The All Party Parliamentary Group Malaysia for the Reform of All Places of Detention (APPGM) has called for the country to reconstruct the current prison system into a rehabilitative one to better manage drug offenders.
In an interview with Astro Awani on their Consider This talk show, lawyer Sangeet Kaur Deo from the group said prisons are already “running over 200 per cent over capacity” and that 60 per cent of inmates were incarcerated for minor drug offences.
“To address that, you would be looking into an entire policy reform and that must translate into legislation.
“Currently, our drug laws for possession, even for use, send you straight into prison and that is not the answer,” she said during the interview.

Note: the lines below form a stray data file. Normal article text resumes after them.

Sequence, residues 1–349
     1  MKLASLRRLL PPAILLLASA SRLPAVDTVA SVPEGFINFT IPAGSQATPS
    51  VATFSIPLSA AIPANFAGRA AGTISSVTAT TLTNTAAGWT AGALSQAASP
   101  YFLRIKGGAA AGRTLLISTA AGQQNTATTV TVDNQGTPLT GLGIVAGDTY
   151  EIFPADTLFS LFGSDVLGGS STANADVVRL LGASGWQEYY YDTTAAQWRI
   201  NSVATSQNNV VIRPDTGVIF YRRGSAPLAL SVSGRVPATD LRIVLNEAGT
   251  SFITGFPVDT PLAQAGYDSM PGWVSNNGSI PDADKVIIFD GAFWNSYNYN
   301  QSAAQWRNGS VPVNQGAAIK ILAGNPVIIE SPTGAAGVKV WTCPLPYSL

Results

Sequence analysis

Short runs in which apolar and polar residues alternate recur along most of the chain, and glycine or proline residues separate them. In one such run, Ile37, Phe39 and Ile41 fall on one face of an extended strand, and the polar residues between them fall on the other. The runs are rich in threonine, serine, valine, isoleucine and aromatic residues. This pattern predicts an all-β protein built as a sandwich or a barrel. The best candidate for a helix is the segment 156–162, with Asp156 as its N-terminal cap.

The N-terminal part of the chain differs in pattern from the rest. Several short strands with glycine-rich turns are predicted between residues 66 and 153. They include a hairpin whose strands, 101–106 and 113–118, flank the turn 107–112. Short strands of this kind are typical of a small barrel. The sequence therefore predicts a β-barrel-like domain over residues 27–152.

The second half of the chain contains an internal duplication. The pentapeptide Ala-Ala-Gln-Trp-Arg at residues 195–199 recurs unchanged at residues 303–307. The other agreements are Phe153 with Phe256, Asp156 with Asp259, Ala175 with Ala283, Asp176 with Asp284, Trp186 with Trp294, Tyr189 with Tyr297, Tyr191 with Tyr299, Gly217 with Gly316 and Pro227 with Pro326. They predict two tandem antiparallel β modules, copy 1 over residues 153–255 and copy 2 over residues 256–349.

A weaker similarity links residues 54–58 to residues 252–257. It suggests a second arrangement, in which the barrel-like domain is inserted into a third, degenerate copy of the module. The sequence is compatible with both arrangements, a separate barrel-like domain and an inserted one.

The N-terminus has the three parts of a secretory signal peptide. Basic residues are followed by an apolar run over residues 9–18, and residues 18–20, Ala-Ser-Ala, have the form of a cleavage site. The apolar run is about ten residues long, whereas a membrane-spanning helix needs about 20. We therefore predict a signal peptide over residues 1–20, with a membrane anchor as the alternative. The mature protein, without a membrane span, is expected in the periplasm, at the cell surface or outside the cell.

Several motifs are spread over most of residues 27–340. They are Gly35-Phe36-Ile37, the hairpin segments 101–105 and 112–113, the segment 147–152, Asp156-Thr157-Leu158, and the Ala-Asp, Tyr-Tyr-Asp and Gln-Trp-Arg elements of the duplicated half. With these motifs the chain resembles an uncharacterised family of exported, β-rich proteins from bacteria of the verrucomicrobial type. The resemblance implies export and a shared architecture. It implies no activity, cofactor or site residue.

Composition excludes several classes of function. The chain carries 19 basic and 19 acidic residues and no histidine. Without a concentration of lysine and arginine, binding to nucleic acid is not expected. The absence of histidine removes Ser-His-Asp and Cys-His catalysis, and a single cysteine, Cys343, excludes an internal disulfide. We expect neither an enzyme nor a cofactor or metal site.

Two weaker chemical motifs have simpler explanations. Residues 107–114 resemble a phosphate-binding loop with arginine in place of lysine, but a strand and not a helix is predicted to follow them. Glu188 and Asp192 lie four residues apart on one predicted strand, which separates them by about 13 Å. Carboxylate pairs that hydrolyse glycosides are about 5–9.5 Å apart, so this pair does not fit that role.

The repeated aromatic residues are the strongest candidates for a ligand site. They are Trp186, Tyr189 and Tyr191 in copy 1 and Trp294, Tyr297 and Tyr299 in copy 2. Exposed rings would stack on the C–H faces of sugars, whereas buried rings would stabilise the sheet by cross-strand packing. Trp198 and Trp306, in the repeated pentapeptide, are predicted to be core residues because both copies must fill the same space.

She also added that incarceration does not address the issue of drug abuse in the country.
When asked if there were other instruments to deal with overcrowding prisons, Sangeet said the Prison Act 1995 provided for such options, such as early release and parole for minor offenders.
However, Sangeet felt there were “bottlenecks” and the prisons needed help.
“That would involve a network of government agencies stepping in to ensure reintegration into the community, which is an essential element in crime prevention,” she was quoted saying.
Sangeet continued to say that the pardons board system, which relates to the King’s discretion to grant a pardon, is not very transparent and explained that there was no fixed system or timing for the board to sit and address these issues.
“So, you could end up waiting years and years for your pardon to be considered.
“That in itself is rather ineffective and there is no real system,” she said. MM